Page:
It appears that from generation to generation the anthropometric dimensions of the human population are changing. The aim of this paper was to examine the extent of these changes and the need for generating updated measurements for the clothing industry. The clothing industry uses mannequins and avatars to represent the modal group of the population. The industry tends to use three different categories for the human body shape (endomorphic, mesomorphic, and ectomorphic). The clothing industry should focus on specific measurements of the body rather than general categories and create more body shapes to satisfy customer needs. The paper also aimed at showing the problems faced by clothing designers. The traditional way of measuring takes into account only selected dimensions of the human body; this does not reflect the “true” overall body shape. The dimension tables used by the apparel industry are based on the fourth anthropometric photograph taken between 1987 and 1989. These tables are still in the use currently; however, after 30 years they are outdated and should be revised for the young contemporary generation. This study can be used for the development of new dimension tables as well as defining methods aimed at improving the quality of measurements for clothing engineering purposes. This is an important issue, because the National Institute of Anthropometry does not deal with such problems (the measurements are conducted mainly for understanding the human body shape rather than any other application), which means that anthropometric measurements are not ideally suited to applications of clothes fitting.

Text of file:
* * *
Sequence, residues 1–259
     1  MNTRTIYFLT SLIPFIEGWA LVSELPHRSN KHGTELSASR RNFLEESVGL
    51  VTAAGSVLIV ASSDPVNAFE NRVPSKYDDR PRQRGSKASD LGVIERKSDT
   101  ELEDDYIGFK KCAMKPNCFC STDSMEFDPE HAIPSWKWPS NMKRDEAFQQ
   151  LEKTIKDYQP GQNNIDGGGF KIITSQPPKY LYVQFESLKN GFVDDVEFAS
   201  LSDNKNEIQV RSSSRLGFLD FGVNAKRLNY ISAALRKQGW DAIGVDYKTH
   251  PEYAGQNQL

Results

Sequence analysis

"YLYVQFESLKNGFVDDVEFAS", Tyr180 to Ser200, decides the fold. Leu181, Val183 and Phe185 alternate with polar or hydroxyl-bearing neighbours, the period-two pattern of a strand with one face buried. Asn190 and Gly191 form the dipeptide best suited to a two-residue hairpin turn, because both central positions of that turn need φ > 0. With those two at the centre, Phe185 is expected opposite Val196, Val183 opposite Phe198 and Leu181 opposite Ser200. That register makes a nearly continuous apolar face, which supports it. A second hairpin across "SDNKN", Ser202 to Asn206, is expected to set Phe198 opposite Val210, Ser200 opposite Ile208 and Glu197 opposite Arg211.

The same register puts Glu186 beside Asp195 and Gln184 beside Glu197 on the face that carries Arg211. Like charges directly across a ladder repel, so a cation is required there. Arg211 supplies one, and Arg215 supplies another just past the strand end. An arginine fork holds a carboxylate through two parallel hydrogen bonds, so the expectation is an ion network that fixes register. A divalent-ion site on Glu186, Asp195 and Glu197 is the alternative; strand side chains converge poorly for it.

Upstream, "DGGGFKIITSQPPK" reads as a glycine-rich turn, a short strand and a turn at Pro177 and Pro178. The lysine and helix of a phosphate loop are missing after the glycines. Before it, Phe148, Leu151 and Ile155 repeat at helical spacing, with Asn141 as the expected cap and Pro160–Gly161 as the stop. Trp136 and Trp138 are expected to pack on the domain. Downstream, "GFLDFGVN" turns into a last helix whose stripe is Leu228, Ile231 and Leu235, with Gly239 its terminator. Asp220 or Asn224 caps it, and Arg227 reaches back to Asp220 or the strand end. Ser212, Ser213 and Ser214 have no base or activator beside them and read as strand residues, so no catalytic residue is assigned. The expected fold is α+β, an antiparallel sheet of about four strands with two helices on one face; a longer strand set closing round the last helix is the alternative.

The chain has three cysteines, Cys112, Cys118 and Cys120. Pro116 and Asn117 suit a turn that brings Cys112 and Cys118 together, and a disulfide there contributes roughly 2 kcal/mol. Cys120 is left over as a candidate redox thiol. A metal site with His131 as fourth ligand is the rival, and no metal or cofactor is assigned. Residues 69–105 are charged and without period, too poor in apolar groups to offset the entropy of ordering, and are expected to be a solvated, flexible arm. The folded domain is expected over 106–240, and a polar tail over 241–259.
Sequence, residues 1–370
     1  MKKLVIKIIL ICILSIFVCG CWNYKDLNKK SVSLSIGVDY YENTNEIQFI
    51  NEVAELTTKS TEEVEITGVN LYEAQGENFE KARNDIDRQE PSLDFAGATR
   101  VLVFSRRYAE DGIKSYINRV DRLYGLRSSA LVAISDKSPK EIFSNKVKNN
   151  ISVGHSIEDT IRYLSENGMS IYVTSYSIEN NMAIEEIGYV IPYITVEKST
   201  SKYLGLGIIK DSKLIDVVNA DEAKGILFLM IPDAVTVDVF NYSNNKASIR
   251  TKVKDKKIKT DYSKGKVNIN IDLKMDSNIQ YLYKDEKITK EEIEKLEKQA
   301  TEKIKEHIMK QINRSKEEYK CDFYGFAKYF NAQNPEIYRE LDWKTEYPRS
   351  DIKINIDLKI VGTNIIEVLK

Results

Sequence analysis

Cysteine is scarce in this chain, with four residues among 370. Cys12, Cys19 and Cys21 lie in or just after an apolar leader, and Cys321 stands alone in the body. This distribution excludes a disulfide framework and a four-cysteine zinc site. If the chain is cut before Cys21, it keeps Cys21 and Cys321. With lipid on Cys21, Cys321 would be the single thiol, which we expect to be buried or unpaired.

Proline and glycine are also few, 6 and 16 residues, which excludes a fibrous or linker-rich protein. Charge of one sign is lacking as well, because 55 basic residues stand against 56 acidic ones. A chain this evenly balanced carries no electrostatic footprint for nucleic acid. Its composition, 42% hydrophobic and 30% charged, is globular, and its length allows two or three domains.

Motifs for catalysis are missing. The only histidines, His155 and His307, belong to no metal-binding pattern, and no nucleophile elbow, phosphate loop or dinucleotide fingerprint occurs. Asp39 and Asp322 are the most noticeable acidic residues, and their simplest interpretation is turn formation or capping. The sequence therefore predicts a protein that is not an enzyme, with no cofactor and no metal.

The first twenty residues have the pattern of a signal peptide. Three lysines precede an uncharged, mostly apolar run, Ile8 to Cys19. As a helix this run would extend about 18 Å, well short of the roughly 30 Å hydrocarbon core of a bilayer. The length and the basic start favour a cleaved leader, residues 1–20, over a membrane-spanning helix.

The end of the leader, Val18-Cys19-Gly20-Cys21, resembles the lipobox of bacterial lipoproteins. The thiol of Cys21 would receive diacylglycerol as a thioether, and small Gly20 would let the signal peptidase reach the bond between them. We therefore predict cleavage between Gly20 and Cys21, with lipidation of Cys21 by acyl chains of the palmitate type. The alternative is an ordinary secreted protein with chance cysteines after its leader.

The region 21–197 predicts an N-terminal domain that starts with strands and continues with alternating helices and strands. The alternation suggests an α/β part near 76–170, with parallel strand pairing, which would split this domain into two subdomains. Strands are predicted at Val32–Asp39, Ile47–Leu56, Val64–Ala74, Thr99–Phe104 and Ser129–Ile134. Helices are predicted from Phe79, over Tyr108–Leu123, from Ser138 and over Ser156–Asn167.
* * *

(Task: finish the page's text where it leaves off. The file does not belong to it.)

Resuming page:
The clothing industry is currently focused on 3D virtual fitting. Many companies use size 12 as the core size; however, in recent years the average size has increased. For example, in the United Kingdom, the average size is now 16. Many companies have not updated their core size and often use size 12 as the size they are the most familiar with. The purpose of this paper is to compare real plus size body shapes with artificial avatars in relation to the fabric draping. This paper will investigate, how the body shape changes with an age (body height decreases, skin elasticity is lower, the shoulders are hunched, buttocks sag and fatness pockets are accumulated around the waist area). These factors are not considered in virtual avatars, but have a big impact on virtual fitting.